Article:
By: greywolfsd Wed, 26 Oct 2011 23:38:06 +0000 I meant Shelby the politiican.
Felix is an idiot! don’t listen to his rhetoric. Again this idiot is owned by Wallstreet!

By: greywolfsd Wed, 26 Oct 2011 23:32:17 +0000 Felix is bought and sold by Wallstreet. I am a senior loan officer. Felix is joke and he is dangerous! I can’t believe anyone would take this idiot seriously. Has anyone looked at the indexs that are tied to ARM’s? it was less than three years ago that ARMS were about 5%…locking in low rates…PREVENT foreclosures. Wake up America! don’t let this slick politician give you some snow job. This man should be defeated in his next election. People like him are the reason why people are protesting on Wallstreet.

By: OneOfTheSheep Wed, 26 Oct 2011 23:31:28 +0000 What everyone seems to miss is that when one buys a house, they are usually really straining, financially at that time. Back in the mid-sixties I bought a modest home using nothing down VA financing and “locked in a 6-1/4% rate. Had to buy fridge, couches, furniture on time (three-year loan, as I recall). Interest rates went up and up the whole time I owned it, selling in 1988.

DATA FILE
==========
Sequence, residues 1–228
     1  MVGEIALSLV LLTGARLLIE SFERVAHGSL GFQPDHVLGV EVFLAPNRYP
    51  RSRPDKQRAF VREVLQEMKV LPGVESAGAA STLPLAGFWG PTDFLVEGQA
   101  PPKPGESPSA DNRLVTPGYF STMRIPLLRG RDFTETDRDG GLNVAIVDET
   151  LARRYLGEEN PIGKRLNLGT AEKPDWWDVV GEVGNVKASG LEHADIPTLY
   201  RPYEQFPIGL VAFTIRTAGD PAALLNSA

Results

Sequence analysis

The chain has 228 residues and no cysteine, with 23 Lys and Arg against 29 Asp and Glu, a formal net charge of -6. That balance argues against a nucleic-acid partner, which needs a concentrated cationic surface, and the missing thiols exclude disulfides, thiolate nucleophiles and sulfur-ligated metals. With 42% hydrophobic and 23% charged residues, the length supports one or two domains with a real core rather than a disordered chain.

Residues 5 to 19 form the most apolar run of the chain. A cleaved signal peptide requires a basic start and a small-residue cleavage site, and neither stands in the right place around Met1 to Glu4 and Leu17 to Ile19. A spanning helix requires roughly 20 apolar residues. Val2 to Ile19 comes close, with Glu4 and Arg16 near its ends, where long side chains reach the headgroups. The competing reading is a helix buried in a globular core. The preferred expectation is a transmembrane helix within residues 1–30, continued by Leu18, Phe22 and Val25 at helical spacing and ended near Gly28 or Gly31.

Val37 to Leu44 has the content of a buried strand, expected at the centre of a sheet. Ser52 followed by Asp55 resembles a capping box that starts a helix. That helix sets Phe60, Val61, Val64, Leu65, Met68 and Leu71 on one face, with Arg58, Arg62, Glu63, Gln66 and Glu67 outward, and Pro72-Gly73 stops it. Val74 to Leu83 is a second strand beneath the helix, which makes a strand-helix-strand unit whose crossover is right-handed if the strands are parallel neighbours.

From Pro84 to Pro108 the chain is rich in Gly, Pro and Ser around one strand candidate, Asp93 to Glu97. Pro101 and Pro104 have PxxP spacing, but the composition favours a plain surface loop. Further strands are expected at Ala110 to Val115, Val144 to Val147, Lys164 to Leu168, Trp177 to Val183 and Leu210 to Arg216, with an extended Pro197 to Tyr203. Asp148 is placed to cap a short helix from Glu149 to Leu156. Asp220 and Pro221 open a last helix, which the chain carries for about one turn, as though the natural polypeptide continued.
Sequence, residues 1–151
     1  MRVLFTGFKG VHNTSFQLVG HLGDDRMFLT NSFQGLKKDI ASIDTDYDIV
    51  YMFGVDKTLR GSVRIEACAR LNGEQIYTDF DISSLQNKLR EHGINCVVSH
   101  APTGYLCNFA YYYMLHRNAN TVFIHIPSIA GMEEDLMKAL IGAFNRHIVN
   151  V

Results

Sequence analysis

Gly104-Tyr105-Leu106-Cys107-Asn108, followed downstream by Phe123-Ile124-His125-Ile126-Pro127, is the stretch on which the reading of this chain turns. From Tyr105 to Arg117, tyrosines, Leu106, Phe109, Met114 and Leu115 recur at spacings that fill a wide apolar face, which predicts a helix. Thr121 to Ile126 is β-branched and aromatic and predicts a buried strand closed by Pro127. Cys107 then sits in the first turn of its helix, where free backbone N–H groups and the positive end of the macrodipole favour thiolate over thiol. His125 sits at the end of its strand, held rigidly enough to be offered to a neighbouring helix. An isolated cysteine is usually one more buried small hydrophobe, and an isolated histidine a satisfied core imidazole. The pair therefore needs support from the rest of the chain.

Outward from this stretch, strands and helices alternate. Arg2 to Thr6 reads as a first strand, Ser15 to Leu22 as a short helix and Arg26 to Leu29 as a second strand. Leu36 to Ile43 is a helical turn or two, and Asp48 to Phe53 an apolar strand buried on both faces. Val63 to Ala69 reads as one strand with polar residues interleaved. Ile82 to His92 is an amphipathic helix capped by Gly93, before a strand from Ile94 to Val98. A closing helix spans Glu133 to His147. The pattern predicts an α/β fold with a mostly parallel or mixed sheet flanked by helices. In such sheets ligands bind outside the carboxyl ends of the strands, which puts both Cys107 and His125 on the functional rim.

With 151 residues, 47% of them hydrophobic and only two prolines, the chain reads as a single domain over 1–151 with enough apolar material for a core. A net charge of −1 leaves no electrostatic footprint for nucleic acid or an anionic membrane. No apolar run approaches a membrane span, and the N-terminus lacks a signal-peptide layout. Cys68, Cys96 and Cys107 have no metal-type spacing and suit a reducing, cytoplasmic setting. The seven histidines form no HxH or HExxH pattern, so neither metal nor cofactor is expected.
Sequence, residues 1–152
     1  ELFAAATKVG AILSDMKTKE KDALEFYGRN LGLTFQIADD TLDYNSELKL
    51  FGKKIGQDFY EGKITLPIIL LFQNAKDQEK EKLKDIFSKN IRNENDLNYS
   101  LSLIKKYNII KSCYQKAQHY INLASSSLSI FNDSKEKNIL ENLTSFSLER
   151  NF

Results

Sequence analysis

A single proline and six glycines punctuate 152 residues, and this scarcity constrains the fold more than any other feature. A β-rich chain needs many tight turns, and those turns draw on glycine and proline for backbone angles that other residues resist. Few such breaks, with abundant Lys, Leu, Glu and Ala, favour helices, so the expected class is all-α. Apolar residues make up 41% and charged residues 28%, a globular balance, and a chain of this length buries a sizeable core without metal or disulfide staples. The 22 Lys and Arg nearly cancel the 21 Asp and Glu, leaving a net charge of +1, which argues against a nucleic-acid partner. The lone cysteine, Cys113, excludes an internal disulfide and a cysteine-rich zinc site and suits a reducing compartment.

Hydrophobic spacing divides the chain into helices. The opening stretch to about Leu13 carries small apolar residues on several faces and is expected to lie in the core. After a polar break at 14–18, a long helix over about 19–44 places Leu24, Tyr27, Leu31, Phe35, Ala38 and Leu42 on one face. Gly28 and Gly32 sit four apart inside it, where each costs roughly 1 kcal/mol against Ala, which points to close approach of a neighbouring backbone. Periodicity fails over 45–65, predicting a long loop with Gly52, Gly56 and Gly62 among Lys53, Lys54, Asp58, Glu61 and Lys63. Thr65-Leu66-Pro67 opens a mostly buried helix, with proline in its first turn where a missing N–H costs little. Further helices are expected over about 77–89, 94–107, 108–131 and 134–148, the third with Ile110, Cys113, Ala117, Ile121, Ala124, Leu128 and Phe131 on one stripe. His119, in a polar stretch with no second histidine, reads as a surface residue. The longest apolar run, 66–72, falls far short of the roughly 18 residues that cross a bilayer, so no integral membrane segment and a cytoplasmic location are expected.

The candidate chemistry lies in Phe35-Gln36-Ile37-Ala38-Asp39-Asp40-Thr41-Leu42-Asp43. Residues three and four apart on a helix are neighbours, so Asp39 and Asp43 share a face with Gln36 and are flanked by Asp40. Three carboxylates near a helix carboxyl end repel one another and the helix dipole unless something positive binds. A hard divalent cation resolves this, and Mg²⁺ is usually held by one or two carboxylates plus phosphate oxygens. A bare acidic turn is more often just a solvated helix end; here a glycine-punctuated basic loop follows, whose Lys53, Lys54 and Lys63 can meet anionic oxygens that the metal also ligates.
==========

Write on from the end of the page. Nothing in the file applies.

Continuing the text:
Because of ever-increasing local taxes and increasing maintenance as the house and stuff in it aged, it would have been impossible for me to have kept that house without the 30-year fixed rate mortgage. But, because I bought in a good area that STAYED a good area, the house I “bought” for under $22,000 was sold for $177,000 cash.